Feedback on the information given should be taken; any apprehension must be allayed with further clarification.
Concerns regarding capacity to consent
Will, preferences, and rights are used interchangeably. However, regarding vaccination decisions all three of these can be aligned in different directions. The benefits of COVID-19 vaccination far outweigh the risks. Capacity for persons with mental health care decisions is described under section 4, chapter 2 of the MHCA, 2017. In compliance with the UNCRPD, it stipulates that capacity is deemed present until proven otherwise. Notably, this description of capacity and tenets for its determination is limited to making mental health care treatment decisions. Per section 81 of the same act, authorities have also issued a capacity assessment guidance document instituted for routine use. Since COVID 19 vaccination is not related to mental healthcare treatments, this capacity assessment guidance may need to be expressly modified. Section 13 of the RPWD Act, 2016 protects people with disabilities (PWD) from infringing their legal capacity and recognition before the law. PWDs enjoy legal capacity equal to any other person in all aspects of life, including healthcare decisions.
However, there are no recommendations on how their capacity to consent for vaccinations may be assessed. There are also no guidelines or advisories on how vaccine refusal or lack of capacity to consent for vaccination may be addressed. There have been no previous systematic examinations of the ethical and legal nuances surrounding vaccination of PWMIs.
The MHCA, 2017, legally protects the decision-making capacity of any person with mental illness. The UNCRPD, in its article 12, mandates equal recognition before the law and mandates decisional support has adequate checks and balances. The MHCA, 2017 requires capacity assessment to decide on the initiation of decisional supports like advance directives and NRs. Such assessments are necessary to initiate involuntary treatments. It is a clinical decision on when a person's capacity to make mental healthcare treatment decisions should be assessed. However, the assessee must not dictate the nonconformity to desirable behaviors. The RPWD Act, 2016 also enshrines equal decision-making capacity for PWDs. Treating professionals may be advised to assess capacity to consent for vaccination for PWMI in the following situations.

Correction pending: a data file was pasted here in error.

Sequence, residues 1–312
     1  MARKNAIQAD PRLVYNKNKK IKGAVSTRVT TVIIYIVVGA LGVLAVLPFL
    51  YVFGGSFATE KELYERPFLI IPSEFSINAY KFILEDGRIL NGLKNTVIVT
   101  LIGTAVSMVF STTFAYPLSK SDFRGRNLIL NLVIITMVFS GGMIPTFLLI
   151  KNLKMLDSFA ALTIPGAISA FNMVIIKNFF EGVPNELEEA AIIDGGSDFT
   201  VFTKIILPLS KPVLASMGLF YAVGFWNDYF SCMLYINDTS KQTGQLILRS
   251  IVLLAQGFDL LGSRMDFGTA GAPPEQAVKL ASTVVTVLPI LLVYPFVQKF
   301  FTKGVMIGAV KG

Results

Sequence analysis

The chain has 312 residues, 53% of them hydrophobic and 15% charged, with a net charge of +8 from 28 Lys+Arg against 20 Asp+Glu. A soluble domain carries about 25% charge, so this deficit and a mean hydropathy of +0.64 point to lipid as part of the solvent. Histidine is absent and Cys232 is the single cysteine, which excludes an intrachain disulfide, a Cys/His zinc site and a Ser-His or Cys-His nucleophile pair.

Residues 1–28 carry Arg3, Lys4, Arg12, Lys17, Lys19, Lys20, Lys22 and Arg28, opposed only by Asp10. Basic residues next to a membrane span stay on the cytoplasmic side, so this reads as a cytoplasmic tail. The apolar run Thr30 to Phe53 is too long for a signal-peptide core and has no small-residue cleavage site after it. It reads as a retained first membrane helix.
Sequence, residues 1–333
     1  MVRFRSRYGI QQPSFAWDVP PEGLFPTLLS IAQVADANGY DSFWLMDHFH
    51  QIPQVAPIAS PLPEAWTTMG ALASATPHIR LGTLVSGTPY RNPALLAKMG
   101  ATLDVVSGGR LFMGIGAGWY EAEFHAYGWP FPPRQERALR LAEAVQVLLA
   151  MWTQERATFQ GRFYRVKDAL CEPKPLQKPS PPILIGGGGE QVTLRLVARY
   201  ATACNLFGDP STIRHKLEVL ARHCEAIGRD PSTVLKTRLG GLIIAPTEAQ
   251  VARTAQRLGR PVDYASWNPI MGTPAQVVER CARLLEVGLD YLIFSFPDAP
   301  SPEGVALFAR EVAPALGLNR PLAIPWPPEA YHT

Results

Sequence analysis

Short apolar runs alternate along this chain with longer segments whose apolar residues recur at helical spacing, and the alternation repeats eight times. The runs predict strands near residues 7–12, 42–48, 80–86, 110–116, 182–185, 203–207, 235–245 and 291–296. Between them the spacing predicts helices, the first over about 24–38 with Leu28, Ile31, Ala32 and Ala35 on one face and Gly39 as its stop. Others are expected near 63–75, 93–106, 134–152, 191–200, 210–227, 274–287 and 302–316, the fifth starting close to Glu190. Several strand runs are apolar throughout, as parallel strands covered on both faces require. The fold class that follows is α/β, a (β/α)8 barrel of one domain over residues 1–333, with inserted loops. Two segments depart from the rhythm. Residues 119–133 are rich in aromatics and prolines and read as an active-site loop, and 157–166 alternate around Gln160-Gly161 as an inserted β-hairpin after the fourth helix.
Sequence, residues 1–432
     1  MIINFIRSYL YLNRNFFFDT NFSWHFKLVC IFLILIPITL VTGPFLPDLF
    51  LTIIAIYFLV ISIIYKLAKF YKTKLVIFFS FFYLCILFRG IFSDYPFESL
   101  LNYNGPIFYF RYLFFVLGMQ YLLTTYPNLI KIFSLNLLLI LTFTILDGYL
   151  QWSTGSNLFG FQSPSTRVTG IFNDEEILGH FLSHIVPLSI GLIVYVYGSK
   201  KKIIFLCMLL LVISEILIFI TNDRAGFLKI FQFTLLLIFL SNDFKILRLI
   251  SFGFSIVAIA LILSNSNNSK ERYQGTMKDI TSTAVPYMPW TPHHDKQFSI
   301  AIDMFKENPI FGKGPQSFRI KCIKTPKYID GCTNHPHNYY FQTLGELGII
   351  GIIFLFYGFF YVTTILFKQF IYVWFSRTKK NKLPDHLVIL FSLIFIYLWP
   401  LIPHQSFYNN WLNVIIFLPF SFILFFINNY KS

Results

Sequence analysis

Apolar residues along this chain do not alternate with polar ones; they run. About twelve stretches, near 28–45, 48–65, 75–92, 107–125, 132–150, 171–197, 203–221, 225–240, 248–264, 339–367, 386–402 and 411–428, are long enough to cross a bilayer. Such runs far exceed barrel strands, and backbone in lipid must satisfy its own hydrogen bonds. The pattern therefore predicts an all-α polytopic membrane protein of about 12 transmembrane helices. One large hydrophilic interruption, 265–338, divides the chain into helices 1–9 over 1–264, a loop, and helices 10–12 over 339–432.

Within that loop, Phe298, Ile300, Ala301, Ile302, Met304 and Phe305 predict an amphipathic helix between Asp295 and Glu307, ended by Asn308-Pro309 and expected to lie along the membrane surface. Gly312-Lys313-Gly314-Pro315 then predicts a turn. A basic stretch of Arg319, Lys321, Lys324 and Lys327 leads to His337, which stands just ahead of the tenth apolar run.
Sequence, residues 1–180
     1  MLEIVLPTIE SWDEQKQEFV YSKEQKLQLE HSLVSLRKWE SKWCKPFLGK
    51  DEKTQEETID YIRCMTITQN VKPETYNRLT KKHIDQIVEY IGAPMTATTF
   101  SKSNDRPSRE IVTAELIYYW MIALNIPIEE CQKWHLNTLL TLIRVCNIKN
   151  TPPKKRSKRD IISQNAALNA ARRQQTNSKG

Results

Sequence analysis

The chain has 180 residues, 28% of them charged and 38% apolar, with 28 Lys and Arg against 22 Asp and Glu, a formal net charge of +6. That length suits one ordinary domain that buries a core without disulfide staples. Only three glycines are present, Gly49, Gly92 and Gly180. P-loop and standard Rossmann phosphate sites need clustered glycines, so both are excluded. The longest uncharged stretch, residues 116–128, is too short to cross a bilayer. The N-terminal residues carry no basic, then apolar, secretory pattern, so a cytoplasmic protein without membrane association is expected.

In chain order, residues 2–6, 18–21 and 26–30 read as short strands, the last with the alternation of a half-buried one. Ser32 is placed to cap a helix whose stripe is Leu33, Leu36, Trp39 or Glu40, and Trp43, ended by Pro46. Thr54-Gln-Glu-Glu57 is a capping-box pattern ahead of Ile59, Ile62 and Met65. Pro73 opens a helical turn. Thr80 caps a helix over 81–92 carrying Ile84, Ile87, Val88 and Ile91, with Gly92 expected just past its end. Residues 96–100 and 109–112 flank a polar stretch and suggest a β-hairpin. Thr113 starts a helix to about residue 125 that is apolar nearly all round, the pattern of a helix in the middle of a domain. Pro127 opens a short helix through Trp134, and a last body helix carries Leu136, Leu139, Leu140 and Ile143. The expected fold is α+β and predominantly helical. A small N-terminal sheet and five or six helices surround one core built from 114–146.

- History suggestive of impaired decision-making capacity and judgment in the recent past
- Recent behavior indicating impaired judgment
- Noncompliance with hand and respiratory hygiene measures
- Noncompliance with distancing norms
- Persons refusing the second dose of vaccination after consenting to first dose
We recommend a modified capacity assessment guidance based on accepted legal standards suggested by Applebaum et al. and section 81 of the MHCA, 2017 to consent for vaccination [Figure 1]. This capacity assessment guidance supports an individual's autonomy to make decisions after receiving adequate information about COVID-19 illness and vaccination, provided that orientation, comprehension, and communication ability are intact.
Provisions for substituted decision making